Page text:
Investing - A matter of trust

Thursday, September 3, 2009 |

I am currently reading Straight Talk on Investing: What You Need to Know, written by Jack Brennan, Chairman of The Vanguard Group and previously the CEO and Chairman of The Vanguard Group. So far, I really like this book. In one of the early chapters, Jack Brennan discuss about whom to trust in the act of investing. He listed four things:

Trust Yourself

A lot of people has problem trusting their own judgement about investing. That is why I think a lot of people follow the like of Jim Cramer and follow his stocks recommendation. When they hear someone, such as their friends, make a killing on an investment, they envy it. I was in this situation before I learn the hard way that trading is not investing. When my colleague used to tell me that the stock he is investing right now is doing well, I have a tendency to put my money in the same stock. But it was too late then. And when my other co-worker got into option trading and making profits, I tried it too. Again, I lost money "investing". The problem was that I didn't trust myself. I didn't think that I could make sound investment decisions.

Now I am a lot more confidence on my investment strategy.  I invest in passively managed index funds.  I have set up an asset allocation that I can be comfortable in.  During this recent downturn, I continue to believe in my strategy and has continued to contribute more money in my investments, both in my tax deferred accounts and my taxable accounts.  I no longer pay attention to hot tips or try to follow the trend.  I actually view the current market as buying opportunity. I don't spend a lot of time doing research on each of my individual investments.  If I heard someone makes a lot of money on certain stock, I don't envy them because I have my own investments goals and objectives.  And I know it will be hard for that person to keep the performance and continue to beat the market in the long run.

Trust the Financial Market

If you don't think the growth will occur in financial markets over time, then you shouldn't even have money in the market.  You should stay with those safe options, such as money in savings or certificate of deposits or may be U.S. Treasury bills.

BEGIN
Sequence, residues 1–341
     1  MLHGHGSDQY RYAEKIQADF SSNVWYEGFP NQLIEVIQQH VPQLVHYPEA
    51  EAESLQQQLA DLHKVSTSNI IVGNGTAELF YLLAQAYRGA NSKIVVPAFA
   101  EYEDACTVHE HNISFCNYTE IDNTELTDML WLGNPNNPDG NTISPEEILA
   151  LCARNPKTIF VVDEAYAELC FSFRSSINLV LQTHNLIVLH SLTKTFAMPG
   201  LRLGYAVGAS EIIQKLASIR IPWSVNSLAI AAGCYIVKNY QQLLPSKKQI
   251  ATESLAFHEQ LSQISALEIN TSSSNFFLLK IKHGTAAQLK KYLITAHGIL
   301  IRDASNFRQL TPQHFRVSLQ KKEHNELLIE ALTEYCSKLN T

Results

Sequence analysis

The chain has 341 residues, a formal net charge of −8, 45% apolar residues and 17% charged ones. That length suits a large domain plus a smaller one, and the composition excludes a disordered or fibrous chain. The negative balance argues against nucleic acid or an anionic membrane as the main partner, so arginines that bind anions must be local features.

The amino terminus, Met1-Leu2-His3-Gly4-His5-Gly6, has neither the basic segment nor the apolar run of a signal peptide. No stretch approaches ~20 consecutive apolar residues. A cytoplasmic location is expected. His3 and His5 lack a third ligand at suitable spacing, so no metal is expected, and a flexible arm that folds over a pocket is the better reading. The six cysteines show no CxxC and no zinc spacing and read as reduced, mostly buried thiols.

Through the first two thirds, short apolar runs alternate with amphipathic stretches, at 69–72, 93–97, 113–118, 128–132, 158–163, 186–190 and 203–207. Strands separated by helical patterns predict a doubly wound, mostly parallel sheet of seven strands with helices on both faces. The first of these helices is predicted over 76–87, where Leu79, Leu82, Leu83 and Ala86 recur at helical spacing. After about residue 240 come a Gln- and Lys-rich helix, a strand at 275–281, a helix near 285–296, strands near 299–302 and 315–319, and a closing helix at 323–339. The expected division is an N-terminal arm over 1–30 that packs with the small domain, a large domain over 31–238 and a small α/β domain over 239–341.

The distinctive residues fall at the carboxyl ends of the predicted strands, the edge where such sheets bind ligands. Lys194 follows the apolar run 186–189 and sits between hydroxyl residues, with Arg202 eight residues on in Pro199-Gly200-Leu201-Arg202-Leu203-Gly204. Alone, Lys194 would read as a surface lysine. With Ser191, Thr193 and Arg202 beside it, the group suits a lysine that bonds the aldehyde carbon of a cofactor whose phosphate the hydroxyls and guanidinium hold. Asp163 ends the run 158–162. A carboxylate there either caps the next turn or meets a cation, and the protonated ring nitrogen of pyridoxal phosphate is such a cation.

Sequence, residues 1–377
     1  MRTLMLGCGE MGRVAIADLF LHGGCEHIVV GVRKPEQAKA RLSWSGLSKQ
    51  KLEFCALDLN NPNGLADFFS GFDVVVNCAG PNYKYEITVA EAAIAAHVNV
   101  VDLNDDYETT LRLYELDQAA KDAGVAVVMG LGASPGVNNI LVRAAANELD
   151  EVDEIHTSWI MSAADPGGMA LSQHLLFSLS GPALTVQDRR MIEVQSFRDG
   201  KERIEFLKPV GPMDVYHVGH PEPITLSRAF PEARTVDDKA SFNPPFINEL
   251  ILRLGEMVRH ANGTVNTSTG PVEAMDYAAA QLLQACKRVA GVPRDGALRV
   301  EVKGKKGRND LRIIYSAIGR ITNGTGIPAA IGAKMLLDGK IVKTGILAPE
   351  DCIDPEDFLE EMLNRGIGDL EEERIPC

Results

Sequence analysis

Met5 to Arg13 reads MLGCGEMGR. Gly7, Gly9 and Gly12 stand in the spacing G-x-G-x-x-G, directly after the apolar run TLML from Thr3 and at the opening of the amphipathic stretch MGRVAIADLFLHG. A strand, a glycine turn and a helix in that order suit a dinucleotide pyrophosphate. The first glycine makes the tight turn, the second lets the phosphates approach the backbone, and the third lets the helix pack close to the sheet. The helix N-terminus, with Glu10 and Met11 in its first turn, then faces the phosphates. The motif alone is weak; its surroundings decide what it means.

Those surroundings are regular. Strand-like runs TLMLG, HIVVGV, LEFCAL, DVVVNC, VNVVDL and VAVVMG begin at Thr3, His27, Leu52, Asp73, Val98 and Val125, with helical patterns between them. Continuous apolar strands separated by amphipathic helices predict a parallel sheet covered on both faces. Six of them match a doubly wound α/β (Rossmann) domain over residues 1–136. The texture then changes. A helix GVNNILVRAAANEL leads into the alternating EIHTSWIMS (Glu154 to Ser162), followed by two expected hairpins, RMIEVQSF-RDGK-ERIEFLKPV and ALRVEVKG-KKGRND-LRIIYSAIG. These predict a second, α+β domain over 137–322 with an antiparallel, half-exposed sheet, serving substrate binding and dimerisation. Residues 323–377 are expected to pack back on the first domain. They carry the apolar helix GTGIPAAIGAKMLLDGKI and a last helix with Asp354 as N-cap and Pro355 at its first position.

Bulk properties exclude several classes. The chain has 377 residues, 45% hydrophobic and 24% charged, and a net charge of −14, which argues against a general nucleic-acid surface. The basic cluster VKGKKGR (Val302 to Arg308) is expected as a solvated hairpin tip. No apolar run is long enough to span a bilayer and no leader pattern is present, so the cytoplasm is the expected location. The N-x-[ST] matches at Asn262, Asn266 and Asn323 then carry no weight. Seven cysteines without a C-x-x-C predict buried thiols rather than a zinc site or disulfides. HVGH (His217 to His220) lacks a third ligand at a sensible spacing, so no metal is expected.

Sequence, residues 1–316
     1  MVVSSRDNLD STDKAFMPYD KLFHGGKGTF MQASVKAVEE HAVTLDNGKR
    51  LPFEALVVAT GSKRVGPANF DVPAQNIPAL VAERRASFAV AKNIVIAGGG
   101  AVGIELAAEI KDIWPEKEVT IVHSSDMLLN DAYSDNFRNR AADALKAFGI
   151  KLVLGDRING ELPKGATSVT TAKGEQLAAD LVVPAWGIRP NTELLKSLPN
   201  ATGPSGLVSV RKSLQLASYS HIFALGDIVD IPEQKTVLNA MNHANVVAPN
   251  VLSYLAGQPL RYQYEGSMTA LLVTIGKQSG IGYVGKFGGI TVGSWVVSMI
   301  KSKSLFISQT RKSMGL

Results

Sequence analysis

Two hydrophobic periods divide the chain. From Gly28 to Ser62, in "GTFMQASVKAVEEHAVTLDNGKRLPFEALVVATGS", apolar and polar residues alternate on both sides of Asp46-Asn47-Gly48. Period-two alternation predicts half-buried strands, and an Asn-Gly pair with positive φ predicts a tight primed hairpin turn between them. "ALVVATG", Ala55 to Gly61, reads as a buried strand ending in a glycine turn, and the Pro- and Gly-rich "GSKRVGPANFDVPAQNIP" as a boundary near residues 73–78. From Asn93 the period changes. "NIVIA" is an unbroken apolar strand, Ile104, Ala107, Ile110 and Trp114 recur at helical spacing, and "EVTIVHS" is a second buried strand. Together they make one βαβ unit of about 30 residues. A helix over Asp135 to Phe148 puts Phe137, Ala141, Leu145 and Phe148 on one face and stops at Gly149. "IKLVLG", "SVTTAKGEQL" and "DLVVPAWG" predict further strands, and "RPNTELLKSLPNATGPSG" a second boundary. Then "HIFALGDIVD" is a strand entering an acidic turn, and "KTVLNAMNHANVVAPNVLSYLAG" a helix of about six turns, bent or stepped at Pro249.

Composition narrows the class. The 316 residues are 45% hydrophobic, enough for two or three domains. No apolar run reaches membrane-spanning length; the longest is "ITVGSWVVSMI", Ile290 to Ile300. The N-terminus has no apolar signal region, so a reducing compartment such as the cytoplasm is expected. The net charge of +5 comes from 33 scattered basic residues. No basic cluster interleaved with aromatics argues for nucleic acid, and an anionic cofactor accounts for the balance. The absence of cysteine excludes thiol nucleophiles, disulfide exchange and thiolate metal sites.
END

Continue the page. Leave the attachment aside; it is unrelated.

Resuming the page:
I believe U.S. economy will continue to grow.  And I believe international economy will continue to grow too, especially the emerging market.  However, there is risks in investing in stocks.  And there will be up and down in the economy, but over the long period of time, the world economy will have an upward trend.

Trust in Time

Time and the power of compounding are investment best friend.  Albert Einstein said:
“The most powerful force in the universe is compound interest”
It is best to start early to reap the most benefits of the power of compounding.  Jack Brennan emphasizes that you must reinvest all the income and dividends, instead of taking them in cash (which is one reason why I prefer mutual funds instead of ETF since it is much easier to reinvest all the income and dividend with mutual funds. I will try to do a comparison of Mutual Funds vs ETF in the future).

Find a Financial Provider You Can Trust

If you don't know about the financial provider and can't trust them, why put the money with them.  If you are going to have a financial provider to handle your investment, you may want to understand how your money is managed.  Don't be a victim, such as those that invested with Bernie Madoff.  Jack Brennan listed four information that a trustworthy provider of financial services should be able to provide upon request:
  • A clear and complete explanation of the fees you'll be charged.
  • A record of the company's past investment performance.
  • An explanation of how the performance of your own investments will be reported to you.
  • A clear understanding of how the company will respond to any questions you have.
It is amazing how the things listed above would have helped most people avoid Bernie Madoff or other investment fraud.


How about you? Do you trust in yourself, in the markets, in time and in your financial provider? If not, then do some homework then get yourself to the proper investment strategy. And there right moment to start investing is always now.

* Photo by Joe Nangle


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